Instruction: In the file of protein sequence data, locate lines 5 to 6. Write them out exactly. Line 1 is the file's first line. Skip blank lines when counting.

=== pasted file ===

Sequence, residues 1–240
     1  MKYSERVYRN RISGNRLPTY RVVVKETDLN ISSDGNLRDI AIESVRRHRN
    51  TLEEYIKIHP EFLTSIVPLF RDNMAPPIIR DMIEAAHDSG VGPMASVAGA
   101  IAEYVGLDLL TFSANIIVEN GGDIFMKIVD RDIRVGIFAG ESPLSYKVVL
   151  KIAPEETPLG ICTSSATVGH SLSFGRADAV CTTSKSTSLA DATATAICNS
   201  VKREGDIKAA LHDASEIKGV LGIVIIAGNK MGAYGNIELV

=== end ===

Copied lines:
   151  KIAPEETPLG ICTSSATVGH SLSFGRADAV CTTSKSTSLA DATATAICNS
   201  VKREGDIKAA LHDASEIKGV LGIVIIAGNK MGAYGNIELV